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A blast from the past – World Sports magazine

Denis Compton, 1947 Sportsperson of the Year
Denis Compton, 1947 Sportsperson of the Year

When I was a callow youth, my dad subscribed to a magazine called World Sports. This wonderfully produced monthly offered a means to satiate the absolute mania for information and statistics on my three obsessions at that time, football, cricket and track and field athletics. I recall being transfixed reading of the first ever 18-foot pole vault, by a Greek gentleman by the name of Cristos Papanikolau, in 1970. I literally couldn't wait to get my hands on this treasure trove of sports writing each month.

As time went on and I started to generate my own income (paper round) I began to specialise, my then part-time occupation allowing me discounted (not necessarily of the five-finger kind) access to Shoot, The Cricketer and Athletics Weekly, which coincided with the end of my dad's subscription to World Sports. What I wasn't aware of at that time was that World Sports had already been available for quite some time, so it was with great delight recently that I found on eBay a number of back issues for sale.

As a result of that procurement, I would like to present in a series of articles a review of some of the great cricket pieces which this gem of a magazine offered its readers. Writers of the calibre of Denzil Batchelor, Bruce Lockhart, SC Griffith and the great man himself, Neville Cardus, delighted those of the cricketing faith who were fortunate enough to get their hands on this monthly sports review. There were many other items of interest, such as features on women's sport like "How far should women run?", plus stop-frame coaching pieces featuring Lindsey Hasset's batting and Jack Iverson's bowling, as well as a regular cartoon feature with much ancient wisdom from, among others, Fuller Pilch, William Lambert and James Lilywhite.

The oldest edition currently in my possession is from April 1948. This edition opens with a piece by Denzil Batchelor which features the great all-rounder Harold George Owen "Tuppy" Owen-Smith, whose nickname was shortened from the original "Tuppence" and who was capped for his native South Africa at both cricket and rugby. In cricket, he played in just a single five-Test series but his legend was cemented by an innings at Leeds in the third Test – described in the following year's Wisden as “distinctly the most exhilarating member of the last South Africa team to visit this country”, his 129 was enough to help South Africa progress from 172/9 to 275 all out, though this was not enough to prevent England winning by five wickets. Smith was also a useful welterweight boxer, and after his sporting days were done he became a doctor in Cape Town.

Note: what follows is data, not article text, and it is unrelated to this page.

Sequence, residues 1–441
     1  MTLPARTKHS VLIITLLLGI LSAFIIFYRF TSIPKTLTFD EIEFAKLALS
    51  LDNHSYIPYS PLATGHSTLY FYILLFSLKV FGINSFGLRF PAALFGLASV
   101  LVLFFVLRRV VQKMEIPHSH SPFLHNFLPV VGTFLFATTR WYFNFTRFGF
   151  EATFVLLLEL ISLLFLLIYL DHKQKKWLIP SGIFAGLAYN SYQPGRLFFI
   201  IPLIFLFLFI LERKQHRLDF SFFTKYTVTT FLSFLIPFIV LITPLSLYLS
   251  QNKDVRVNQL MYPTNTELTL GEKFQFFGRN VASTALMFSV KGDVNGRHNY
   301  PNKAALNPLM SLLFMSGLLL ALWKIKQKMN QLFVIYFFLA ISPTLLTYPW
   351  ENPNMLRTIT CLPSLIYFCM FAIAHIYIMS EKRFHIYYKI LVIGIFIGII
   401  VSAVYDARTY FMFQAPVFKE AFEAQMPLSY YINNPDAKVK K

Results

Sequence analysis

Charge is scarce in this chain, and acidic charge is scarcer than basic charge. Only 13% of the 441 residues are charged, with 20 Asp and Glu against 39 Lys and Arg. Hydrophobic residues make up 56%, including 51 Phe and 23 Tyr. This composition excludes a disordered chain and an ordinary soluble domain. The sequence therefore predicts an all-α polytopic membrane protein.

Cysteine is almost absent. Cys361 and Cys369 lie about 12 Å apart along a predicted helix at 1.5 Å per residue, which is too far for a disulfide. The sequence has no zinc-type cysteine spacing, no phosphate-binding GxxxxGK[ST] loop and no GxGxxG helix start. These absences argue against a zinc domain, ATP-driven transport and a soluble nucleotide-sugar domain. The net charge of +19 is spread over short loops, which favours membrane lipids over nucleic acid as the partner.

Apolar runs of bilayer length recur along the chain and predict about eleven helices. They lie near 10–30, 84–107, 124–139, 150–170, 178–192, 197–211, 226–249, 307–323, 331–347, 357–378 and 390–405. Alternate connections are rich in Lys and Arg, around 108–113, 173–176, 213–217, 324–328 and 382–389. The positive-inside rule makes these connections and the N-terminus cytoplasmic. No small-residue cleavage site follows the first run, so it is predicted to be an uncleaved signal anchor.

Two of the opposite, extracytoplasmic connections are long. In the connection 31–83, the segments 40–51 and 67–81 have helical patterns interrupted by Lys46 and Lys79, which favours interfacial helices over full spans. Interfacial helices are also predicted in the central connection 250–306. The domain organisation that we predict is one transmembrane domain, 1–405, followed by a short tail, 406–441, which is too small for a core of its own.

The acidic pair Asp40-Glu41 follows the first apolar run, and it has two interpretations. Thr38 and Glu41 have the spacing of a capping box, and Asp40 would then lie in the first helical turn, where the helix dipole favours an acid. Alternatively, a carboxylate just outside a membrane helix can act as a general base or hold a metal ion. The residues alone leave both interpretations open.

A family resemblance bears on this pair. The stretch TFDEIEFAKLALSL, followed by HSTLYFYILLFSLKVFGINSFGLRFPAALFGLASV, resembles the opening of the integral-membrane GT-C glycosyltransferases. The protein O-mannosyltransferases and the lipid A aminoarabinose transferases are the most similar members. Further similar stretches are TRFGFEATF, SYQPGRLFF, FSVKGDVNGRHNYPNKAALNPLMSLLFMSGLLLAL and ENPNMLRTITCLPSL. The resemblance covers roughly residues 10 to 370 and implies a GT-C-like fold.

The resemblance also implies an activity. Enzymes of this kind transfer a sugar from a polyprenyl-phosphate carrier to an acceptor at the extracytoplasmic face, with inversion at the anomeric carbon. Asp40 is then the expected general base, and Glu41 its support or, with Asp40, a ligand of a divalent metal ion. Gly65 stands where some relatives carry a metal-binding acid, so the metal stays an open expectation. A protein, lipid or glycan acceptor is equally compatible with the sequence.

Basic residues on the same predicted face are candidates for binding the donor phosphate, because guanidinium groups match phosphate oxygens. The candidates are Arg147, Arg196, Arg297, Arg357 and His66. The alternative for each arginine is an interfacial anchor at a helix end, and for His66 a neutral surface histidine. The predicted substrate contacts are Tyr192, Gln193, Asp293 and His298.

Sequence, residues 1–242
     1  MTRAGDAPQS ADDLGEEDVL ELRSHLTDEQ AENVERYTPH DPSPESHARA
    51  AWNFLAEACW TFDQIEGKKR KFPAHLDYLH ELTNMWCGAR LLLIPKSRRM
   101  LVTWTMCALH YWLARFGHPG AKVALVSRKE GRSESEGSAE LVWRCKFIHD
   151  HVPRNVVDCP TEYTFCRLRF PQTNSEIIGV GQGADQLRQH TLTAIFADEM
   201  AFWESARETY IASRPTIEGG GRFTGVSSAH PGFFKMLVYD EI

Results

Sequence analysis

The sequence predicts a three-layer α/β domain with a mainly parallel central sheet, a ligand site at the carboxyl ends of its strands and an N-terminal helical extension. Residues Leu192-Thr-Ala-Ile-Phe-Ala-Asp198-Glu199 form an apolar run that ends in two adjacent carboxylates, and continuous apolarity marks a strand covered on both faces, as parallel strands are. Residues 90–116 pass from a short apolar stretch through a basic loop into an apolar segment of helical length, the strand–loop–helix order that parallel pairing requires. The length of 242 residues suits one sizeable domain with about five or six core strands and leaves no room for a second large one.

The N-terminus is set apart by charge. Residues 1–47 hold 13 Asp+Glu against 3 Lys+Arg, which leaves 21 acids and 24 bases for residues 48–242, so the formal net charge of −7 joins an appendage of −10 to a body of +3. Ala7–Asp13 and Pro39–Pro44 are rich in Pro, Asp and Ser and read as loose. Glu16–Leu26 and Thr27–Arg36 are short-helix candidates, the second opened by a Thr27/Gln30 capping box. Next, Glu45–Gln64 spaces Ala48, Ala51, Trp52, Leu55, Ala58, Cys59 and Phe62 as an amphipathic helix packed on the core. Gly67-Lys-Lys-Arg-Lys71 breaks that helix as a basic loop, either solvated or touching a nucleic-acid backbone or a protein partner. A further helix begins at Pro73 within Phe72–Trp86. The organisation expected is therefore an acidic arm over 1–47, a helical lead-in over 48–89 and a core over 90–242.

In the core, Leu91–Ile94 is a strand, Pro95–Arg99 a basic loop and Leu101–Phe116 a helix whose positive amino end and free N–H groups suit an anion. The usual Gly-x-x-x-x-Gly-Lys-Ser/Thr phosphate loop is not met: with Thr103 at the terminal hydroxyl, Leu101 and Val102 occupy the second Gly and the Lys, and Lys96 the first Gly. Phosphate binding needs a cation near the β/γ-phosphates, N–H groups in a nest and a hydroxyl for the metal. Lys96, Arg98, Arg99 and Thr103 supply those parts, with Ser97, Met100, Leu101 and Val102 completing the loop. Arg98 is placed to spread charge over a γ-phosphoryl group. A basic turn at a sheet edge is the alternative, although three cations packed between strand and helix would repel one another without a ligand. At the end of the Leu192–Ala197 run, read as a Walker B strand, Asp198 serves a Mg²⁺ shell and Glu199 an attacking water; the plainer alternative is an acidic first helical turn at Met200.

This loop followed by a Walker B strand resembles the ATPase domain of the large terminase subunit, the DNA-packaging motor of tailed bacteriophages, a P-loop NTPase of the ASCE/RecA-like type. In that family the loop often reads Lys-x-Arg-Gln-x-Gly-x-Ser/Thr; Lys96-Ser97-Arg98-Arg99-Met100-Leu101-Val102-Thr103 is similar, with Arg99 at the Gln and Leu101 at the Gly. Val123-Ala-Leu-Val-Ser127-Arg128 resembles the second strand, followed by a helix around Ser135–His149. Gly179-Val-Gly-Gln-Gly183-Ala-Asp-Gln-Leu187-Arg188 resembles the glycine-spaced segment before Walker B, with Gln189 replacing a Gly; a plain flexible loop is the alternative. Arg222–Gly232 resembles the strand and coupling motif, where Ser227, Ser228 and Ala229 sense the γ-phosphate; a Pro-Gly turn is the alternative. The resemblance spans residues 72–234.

In the main cricket piece featured in this edition, Cardus (bylined as “the famous cricket writer and music critic”) was considering that year’s Olympic summer, as well as the upcoming visit of the Australian cricket team, in his piece entitled “Have we lost the fighting spirit?”. The maestro gives us an insight into his character with this opening, which could have been written by our own Martin Chandler – Once or twice, in my young, hot-blooded days, I have hated Yorkshiremen when they have been beating Lancashire, but on the whole, the result of a match seldom remains in my memory…. Not that he takes to sport in a lukewarm or neutral fashion, as he goes on to explain – even an exciting finish appeals to me dramatically – for its own sake, for the stimulation to nerve and imagination that an exciting finish gives us, apart from the question of who wins and who loses Truly a lover of cricket for its own sake, though he goes on to caution I want my cricket hot with Yorkshire relish…I want all the rigour of the game, with no laggards and no bowing-or-scraping, or a cheery ‘Well tried” to some fool who has missed a tolerably easy chance-at very deep long on. As Yorkshire’s Roy Kilner opined What’s use of oompires in Yorksheer and Lankysheer match? They never ‘ears owt. What we want in Yorksheer and Lankysheer matches is no oompires-and fair cheatin’ all round. Indeed.